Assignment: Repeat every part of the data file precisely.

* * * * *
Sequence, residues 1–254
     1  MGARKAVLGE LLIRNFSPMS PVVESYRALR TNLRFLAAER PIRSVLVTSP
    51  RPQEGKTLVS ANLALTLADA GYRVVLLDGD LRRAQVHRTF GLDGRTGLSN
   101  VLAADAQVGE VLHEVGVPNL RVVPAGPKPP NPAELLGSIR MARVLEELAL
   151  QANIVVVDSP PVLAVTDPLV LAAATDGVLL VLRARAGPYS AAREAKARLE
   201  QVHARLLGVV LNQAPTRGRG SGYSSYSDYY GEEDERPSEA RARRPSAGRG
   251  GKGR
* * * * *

Sequence, residues 1–254
     1  MGARKAVLGE LLIRNFSPMS PVVESYRALR TNLRFLAAER PIRSVLVTSP
    51  RPQEGKTLVS ANLALTLADA GYRVVLLDGD LRRAQVHRTF GLDGRTGLSN
   101  VLAADAQVGE VLHEVGVPNL RVVPAGPKPP NPAELLGSIR MARVLEELAL
   151  QANIVVVDSP PVLAVTDPLV LAAATDGVLL VLRARAGPYS AAREAKARLE
   201  QVHARLLGVV LNQAPTRGRG SGYSSYSDYY GEEDERPSEA RARRPSAGRG
   251  GKGR